Sourcing designer graphics for your company, whichever niche it may fall in, is an essential part of the brand building process. In a world where we “eat with our eyes” creative design is a huge part of your success as a brand. Consumers are drawn to the aesthetically pleasing and creative design is the way you get them drawn to you. A big challenge for entrepreneurs is finding the graphic artist who can make the designer graphics for their brand. In this article I’m going to teach you the way the ways I’ve personally connected to graphic designers and how I’ve built relationships with them that are profitable for the both of us.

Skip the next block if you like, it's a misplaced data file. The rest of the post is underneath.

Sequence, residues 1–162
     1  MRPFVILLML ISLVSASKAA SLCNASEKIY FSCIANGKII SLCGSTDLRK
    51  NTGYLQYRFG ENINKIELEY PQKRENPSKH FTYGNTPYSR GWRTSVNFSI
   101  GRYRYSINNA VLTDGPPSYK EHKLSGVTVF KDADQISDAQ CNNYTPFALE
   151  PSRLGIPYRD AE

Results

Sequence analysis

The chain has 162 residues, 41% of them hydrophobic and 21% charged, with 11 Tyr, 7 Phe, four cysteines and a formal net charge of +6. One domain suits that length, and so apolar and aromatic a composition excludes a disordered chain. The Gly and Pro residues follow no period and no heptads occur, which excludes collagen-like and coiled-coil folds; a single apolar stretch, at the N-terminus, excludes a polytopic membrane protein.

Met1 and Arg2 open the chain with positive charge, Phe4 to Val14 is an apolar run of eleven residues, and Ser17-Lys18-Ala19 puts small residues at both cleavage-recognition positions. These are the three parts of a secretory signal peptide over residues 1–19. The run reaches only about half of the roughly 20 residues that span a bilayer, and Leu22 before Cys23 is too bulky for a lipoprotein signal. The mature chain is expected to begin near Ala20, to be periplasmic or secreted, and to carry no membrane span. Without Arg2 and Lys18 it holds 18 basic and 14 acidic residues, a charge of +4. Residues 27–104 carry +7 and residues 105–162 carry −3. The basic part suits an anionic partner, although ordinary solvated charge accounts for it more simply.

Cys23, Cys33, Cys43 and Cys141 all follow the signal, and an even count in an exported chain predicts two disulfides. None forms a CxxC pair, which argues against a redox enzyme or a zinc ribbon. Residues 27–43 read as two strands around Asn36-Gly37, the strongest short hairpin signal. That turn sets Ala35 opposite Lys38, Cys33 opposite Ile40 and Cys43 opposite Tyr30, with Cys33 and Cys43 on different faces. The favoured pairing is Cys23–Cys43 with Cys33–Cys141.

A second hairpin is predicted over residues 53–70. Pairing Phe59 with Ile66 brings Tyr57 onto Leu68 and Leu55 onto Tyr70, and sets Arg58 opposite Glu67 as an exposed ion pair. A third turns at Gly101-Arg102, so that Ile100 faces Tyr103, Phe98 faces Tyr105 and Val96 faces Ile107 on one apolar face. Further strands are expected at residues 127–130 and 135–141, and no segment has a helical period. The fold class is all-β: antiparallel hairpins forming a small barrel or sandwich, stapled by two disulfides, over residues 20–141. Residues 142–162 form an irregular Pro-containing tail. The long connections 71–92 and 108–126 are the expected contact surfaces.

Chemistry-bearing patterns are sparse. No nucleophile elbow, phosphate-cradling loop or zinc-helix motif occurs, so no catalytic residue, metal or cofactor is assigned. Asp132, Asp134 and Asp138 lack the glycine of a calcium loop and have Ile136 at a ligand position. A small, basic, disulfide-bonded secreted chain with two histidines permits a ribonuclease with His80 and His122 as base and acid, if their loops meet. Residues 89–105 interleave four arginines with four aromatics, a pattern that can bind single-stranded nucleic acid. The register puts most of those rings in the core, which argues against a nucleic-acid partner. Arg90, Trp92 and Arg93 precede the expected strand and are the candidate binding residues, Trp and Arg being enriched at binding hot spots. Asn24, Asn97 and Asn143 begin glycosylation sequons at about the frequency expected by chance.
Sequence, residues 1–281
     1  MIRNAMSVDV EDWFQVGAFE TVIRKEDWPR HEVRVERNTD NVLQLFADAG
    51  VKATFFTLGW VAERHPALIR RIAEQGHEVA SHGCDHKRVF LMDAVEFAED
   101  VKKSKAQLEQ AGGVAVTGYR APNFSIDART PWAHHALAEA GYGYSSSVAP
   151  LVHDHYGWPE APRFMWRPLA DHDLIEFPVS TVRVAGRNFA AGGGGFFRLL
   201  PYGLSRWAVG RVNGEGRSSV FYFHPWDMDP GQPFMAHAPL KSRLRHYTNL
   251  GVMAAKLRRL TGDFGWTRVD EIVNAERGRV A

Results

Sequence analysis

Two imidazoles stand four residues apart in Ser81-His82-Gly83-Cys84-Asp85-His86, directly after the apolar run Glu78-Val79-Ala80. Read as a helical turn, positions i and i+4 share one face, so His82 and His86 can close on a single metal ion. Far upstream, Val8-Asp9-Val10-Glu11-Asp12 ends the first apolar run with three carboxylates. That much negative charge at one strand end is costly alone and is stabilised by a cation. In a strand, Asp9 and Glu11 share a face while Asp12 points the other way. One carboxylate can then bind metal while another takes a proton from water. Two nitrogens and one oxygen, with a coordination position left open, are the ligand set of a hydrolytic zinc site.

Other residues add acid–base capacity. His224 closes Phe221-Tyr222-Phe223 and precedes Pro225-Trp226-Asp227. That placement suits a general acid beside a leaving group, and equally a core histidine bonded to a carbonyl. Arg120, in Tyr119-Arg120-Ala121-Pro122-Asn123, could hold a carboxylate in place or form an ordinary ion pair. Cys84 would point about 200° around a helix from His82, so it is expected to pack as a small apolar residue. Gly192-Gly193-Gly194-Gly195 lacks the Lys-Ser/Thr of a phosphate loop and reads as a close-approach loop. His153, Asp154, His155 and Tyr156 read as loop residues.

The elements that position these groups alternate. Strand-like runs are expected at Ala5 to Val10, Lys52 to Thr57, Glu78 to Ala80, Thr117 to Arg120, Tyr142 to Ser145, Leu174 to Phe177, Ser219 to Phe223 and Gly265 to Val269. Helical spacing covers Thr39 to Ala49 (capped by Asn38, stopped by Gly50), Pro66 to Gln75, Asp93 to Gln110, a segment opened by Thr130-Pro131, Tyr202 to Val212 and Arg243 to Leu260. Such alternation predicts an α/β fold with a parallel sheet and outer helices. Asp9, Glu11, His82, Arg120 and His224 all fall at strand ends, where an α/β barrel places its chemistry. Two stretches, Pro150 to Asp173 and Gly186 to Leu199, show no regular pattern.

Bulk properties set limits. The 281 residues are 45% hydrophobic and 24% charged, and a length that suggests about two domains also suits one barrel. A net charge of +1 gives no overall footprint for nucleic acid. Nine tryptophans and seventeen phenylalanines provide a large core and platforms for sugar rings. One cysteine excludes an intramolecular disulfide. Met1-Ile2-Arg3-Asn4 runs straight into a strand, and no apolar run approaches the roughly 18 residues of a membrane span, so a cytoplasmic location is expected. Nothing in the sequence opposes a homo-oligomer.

The niche myself and my company Dead in LA are in is the streetwear fashion space so the way I’ll be framing this article is around clothing and clothing brands. The things I’ll be discussing are relevant to every industry though, you don’t need to be into making t-shirts for these strategies and relationships to be beneficial to you. Follow along and utilize these techniques to get professional creative design that future proofs your brand into 2020 and beyond. Don’t get left behind in this digital age because you’re unable to make the designer graphics yourself or find a graphic artist.
Finding Graphic Designers